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Premeditation Is Not Deliberation: 9th Overturns Death Sentence

By Casey C. Sullivan, Esq. | Last updated on

Jury instructions that impermissibly merged first-degree murder's mens rea elements violated due process, the Ninth Circuit ruled last Friday. As a result, they invalidated the 1990 murder conviction and death sentence of Billy Ray Riley based on faulty jury instructions.

The guilt-phase instructions advised the jury that if it found premeditation, it has found deliberation. Those are two separate elements, however, and the state needed to prove each one, according to the Ninth.

A Drug-Fueled Murder

The killing occurred when Riley was staying at the home of Albert Bollin, a drug dealer. Riley became upset about how drug dealers had treated him in the past -- and decided that he would begin robbing dealers who "did not treat him appropriately." Those rude dealers apparently included Bollin, with Riley demanding that he turn over all his cocaine. What followed, according to one witness, was straight out of a drug-induced nightmare. Bollin said Riley would have to kill him first, Riley asked if he was "ready to die," and Bollin asked if he could take one more hit of cocaine first. Then, he said he was ready to die, and Riley shot him in the chest, killing him.

The Kazalyn Interregnum

In the jury instructions given at Riley's murder trial, deliberation was defined as a part of premeditation. The instructions are known as Kazalyn instructions in Nevada, after a 1992 state supreme court case that found willfulness, deliberation, and premeditation to be redundant elements. According to the instructions, any premeditated killing -- even premeditation which is "as instantaneous as successive thoughts of the mind" -- is "willful, deliberate and premeditated murder."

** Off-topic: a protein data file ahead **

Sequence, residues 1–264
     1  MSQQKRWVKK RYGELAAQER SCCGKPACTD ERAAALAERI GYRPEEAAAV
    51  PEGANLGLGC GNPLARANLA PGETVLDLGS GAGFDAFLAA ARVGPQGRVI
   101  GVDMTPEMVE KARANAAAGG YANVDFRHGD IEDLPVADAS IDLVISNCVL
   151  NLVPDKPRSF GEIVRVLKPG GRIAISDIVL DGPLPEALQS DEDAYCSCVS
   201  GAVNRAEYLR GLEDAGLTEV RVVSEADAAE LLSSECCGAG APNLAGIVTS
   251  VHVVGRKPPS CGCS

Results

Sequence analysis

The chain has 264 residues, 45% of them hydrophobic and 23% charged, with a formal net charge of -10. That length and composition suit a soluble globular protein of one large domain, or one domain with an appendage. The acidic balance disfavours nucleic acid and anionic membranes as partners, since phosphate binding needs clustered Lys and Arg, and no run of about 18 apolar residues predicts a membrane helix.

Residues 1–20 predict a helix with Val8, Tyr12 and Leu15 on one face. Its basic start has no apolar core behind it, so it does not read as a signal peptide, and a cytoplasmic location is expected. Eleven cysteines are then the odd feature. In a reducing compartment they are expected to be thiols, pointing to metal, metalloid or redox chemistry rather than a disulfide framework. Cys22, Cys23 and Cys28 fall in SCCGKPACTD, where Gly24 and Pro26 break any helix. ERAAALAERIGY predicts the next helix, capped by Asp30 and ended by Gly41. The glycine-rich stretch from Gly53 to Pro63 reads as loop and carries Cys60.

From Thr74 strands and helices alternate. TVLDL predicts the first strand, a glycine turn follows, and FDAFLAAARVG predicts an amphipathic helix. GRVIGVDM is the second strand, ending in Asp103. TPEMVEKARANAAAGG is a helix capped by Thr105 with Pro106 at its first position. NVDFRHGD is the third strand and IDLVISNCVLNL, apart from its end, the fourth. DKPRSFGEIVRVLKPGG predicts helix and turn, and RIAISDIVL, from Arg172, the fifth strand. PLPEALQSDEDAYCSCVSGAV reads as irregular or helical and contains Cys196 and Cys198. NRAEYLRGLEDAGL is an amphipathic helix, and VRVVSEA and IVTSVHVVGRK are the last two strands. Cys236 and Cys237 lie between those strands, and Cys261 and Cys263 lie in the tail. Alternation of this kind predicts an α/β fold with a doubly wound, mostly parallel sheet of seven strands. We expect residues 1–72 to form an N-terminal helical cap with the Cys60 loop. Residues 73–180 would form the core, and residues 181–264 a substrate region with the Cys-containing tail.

However, Kazalyn was overruled in 2000. In over turning the Kazalyn decision, the state court noted that its prior opinion had unreasonably tried to replace deliberation and premeditation with simple intent and confused the distinction between first- and second-degree murder. Deliberation is a discrete element, the state supreme court now found, not a synonym for premeditation. It must be proven independently for a murder conviction to stand.

But Did it Matter?

The use of Kazalyn instructions was a due process violation, the Ninth found. Since Riley was convicted in 1990, two years before Kazalyn was decided, first-degree murder then included all three mens rea elements, requiring the state to prove deliberation as well as premeditation. Under Nevada law, deliberation cannot be "formed in passion" -- it must be cool and calculated. Since there was evidence that Riley's actions were drug-fueled and taken in the heat of the moment, not requiring the state to prove deliberation significantly prejudiced him. Riley is now off death row, but will continue to serve an unchallenged life sentence for theft.

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